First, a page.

You see, on one end of the musical spectrum, the other end, there are cuddly little artists like Justin Bieber; audience playthings, akin to teddy bears and security blanket accessories. Such cuties are okay for kids, one supposes, but at the end of the day, this is just kid’s stuff. In stark contrast, there are the real life tough guys, like Toby Keith. Keith is certainly no child’s toy. Rather, he’s much more like an actual bear, or at the very least, a real man’s man. Appropriately enough, Keith titled his 2009 tour, with the equally manly Trace Adkins, America’s Toughest tour. “We’re old guys,” Keith explains. “We’ve been around. We’re tough as leather guys.”

Warm and cuddly, Keith definitely is not, and not everybody warms up to his gruff exterior or melts in his very presence the way teen girls dissolve at the very thought of Bieber. Nevertheless, you always respect the bear. So while Keith is not always considered beloved and cuddle-ready, he’s more than earned bear-like admiration. Keith blazes his own trail, like a pied piper with the last full beer keg on Earth, which makes him an inspiration to fellow country performers.


Booze and Twang

“I’ve had a lot of artists tell me they’d heard ‘Red Solo Cup’ long before I released it,” Keith says, “and they just said, ‘Man, it’s not something we thought we could get away with.’ I’d kind of laid the groundwork for years. “

“Red Solo Cup,” in case you’ve homesteaded under a rock somehow evaded the singer’s relatively recent viral single, is one of Keith’s biggest hits to date, and one that even crossed over to the top 20 of the Billboard Hot 100 chart. However, if you take the time to consider its lyric, the song’s words are actually about common plastic keg party cups. In other words, it’s a drinking song, right there in the age-old country tradition of booze and twang. Keith’s aforementioned recent singles are also about drinking (“Beers Ago” and “I like Girls That Drink Beer)” off the Clancy’s Tavern album, an alcohol-related title. Celebrating inebriation is hardly politically correct behavior these days. But then again, who would foolish tell a bear to be politically correct.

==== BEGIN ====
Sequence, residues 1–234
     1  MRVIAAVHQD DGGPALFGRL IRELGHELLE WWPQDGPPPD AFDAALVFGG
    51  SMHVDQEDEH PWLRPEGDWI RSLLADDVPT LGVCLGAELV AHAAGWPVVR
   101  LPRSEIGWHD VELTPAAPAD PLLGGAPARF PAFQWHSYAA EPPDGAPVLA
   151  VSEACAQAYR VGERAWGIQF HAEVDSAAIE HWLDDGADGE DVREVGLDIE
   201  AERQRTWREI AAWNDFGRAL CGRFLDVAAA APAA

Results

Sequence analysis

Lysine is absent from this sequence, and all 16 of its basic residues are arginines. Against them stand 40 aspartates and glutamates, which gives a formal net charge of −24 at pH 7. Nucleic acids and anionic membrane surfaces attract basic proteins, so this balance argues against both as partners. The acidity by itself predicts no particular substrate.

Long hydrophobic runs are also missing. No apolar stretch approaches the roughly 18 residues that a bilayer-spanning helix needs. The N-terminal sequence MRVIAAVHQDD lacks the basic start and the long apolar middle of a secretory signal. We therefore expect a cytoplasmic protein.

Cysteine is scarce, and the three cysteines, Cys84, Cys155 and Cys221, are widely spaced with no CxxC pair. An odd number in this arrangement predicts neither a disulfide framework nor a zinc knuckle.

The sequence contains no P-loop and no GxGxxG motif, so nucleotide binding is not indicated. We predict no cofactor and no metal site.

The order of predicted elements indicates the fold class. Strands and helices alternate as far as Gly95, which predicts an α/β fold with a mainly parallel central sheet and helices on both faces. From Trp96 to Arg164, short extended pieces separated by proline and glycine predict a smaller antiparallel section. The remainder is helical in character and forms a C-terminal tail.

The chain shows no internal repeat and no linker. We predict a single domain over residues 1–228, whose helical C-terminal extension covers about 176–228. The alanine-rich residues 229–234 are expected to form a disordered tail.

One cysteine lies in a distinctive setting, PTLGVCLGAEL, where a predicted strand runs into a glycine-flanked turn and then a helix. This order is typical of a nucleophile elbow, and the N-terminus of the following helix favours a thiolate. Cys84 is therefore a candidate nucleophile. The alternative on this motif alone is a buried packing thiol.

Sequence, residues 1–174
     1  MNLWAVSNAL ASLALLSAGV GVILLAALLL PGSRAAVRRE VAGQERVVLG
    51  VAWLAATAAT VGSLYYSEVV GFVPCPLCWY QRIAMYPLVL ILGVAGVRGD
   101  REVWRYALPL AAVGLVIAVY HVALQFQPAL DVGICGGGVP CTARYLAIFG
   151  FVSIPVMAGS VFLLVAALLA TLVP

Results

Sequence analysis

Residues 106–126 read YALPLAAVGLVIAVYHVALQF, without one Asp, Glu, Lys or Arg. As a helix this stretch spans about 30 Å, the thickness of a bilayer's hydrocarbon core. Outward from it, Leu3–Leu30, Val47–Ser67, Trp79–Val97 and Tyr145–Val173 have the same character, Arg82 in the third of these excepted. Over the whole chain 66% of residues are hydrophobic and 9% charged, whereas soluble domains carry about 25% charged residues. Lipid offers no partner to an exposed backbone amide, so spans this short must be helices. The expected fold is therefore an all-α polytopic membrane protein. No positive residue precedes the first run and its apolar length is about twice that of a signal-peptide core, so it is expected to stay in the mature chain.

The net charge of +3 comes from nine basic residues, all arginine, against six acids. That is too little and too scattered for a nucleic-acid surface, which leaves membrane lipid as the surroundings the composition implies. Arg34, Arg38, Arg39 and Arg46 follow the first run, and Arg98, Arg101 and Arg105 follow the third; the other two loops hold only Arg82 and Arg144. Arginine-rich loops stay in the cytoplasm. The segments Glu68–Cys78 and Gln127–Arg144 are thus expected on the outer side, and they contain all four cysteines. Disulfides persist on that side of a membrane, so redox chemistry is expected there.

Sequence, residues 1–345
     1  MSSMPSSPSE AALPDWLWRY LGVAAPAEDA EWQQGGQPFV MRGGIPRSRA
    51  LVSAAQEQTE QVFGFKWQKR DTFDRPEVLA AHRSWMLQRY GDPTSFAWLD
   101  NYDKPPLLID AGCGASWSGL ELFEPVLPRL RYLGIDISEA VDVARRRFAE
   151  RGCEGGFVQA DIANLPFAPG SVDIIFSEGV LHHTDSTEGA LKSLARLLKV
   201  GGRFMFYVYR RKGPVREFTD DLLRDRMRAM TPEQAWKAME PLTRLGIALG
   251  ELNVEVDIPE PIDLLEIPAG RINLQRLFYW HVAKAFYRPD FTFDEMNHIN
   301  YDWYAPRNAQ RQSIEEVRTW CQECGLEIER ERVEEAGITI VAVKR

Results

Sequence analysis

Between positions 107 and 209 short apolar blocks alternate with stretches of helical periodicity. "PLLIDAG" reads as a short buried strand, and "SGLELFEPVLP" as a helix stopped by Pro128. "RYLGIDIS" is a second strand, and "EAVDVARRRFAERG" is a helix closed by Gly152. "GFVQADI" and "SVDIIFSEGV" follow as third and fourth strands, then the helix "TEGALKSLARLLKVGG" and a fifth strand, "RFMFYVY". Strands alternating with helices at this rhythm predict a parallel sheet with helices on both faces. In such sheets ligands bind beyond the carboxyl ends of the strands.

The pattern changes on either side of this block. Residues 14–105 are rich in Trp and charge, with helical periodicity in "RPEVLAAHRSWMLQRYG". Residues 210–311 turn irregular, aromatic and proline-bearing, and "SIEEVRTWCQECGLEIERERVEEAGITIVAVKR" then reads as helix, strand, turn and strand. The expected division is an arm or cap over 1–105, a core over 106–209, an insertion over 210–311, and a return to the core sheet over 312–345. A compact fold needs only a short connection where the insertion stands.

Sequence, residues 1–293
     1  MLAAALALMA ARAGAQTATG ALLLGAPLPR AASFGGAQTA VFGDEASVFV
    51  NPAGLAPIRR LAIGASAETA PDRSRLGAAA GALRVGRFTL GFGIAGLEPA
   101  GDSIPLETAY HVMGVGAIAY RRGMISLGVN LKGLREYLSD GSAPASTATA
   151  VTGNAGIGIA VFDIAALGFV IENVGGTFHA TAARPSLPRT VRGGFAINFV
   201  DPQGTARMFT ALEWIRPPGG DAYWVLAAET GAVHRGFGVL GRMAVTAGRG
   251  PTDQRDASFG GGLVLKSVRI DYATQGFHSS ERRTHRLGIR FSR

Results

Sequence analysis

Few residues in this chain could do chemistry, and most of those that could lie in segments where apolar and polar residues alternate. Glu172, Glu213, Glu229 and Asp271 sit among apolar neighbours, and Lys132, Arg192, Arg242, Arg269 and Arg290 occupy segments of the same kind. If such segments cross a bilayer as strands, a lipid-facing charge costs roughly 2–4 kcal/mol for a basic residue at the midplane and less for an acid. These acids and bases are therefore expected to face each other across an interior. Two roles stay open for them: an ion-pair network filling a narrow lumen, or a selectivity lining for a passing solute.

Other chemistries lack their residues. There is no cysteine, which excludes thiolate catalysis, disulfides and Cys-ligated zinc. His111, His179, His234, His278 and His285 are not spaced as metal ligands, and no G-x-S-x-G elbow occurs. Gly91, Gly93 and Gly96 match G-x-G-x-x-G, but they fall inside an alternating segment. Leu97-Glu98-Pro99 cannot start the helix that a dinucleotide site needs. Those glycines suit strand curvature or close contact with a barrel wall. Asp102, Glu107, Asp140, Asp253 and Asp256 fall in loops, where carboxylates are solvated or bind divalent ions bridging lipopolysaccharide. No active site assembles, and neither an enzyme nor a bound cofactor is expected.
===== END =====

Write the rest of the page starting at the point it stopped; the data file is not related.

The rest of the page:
Keith writes drinking songs because drinking is both a huge part of the country culture and a big topic in country music timeline.

“Over the history of country music, I doubt that on any week you could look at the charts and not see songs about the subject of drinking,” Keith says. “You know, when there’s so many country bars and there’s so many country jukeboxes throughout the years and a lot of people that listen to country music love to spend their time over a cold beer, then it makes sense to write about the world around you. It’s our world, so it makes sense to write about it.”


Hmm, I Love This Bar”

The man doesn’t merely write and sing about adult beverages; he also runs a successful bar and grill chain named after one of his big hit songs, called Toby Keith’s I Love this Bar & Grill.

“We’ve got about fifteen of ’em now,” Keith says with pride. When visiting Toby Keith’s I Love this Bar & Grill, you can even sample Keith’s new personalized drink, Wild Shot. “If you have 15 bars and looking at 40 in the future, man, you might as well have your own beer or liquor or something and have your own house drink,” Keith quite rightly explains. Nevertheless, Keith needed to be talked into entering the liquor business.

“I have a friend of mine out of New York that’s a spirits guy,” Keith recounts, “and he approached me several years ago and started talking to me about a whiskey. And I said, ‘Well, I’d be all about it, except I’d heard there’s no whiskey left. It’s gotta be aged and in barrels and it’s pretty much all spoken for.’ And he said, ‘If I can get you one, I’d like to take it and put it in your bars.’ You know, there’s a lot of synergy to be had with it.”

From there, Keith drew upon his life experiences to guide him into this new adult beverage venture.